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Cremation Urns

                                    

These urns containing cremated bone were found in the excavation of a Roman cemetery alongside Watling Street, to the west of the village. Other items were found alongside the urns, including more pots, a glass cup, glass beads and a ring. Adults and children were buried in the cemetery, which was used in the 1st and 2nd centuries AD. The burials could have included soldiers garrisoned in the fort at Wall and people who lived in the vicus (civilian settlement) outside it.

The Romans always buried their dead outside a settlement, so the cemetery shows the western extent of Roman Wall. Cremation of bodies before burial was usual in the 1st and 2nd centuries AD, but in the 3rd and 4th centuries burial without burning (inhumation) became the norm. There may have been inhumations as well as cremations in this cemetery but the acid soil dissolves unburnt bones, leaving just the grave pits, which might not have been noticed by the excavators in the 1920s.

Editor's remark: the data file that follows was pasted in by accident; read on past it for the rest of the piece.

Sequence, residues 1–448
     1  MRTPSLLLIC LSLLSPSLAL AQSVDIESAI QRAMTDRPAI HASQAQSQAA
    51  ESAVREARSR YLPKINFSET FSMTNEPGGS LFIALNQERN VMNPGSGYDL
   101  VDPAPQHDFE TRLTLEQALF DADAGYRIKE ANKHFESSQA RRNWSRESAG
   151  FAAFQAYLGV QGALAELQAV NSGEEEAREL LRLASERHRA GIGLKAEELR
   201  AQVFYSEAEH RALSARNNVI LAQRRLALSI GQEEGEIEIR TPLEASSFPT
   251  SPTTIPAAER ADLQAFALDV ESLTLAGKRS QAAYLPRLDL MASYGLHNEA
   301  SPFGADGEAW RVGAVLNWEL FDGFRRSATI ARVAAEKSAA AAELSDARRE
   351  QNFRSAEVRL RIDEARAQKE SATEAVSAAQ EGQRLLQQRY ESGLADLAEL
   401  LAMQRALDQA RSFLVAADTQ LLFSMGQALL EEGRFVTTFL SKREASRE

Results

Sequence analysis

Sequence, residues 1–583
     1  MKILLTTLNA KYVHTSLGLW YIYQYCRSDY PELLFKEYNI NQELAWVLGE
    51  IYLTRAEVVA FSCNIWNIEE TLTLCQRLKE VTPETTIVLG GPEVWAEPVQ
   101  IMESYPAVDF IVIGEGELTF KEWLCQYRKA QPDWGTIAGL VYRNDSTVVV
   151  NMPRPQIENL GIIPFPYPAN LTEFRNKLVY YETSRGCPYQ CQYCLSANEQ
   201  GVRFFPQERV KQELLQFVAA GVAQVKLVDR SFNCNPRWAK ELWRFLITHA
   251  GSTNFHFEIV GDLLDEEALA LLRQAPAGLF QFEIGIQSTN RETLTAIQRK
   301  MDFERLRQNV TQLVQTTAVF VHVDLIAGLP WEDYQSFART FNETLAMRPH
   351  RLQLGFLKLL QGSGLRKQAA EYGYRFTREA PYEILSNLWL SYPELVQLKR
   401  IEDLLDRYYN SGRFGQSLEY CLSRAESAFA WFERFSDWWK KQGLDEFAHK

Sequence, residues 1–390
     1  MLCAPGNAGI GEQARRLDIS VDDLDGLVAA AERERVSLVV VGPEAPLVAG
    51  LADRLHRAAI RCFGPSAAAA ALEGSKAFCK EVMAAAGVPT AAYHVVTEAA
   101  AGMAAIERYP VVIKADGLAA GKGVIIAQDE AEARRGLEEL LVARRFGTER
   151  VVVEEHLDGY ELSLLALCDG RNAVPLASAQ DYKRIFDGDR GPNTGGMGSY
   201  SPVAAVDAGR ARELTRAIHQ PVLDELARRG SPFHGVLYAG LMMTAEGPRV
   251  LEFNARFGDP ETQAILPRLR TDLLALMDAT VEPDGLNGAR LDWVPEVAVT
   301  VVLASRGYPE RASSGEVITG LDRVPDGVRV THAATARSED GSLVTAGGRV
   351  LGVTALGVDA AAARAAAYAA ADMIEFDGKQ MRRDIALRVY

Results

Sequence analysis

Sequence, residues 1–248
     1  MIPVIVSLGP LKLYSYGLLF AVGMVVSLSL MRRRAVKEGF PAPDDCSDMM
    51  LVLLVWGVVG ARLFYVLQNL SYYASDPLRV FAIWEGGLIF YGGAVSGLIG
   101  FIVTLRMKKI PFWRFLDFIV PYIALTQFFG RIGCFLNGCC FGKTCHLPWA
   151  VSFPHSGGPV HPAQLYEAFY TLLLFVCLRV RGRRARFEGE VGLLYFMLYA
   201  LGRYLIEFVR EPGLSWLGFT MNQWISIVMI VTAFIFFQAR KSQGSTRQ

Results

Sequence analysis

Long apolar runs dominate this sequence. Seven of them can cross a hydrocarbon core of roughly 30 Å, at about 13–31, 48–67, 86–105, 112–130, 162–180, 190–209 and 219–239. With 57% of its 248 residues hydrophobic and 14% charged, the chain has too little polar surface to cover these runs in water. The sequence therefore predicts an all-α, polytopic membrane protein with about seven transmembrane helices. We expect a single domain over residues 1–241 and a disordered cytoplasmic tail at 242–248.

Another cemetery, alongside Ryknield Street south-east of the village, was excavated in 2001 before construction of the M6 Toll motorway. It contained cremations and inhumations and was in use from the 1st to 4th centuries AD. Like the other cemetery, it indicated the extent of the Roman settlement, which probably consisted of houses spread out along Watling Street and Ryknield Street together with outlying farms.

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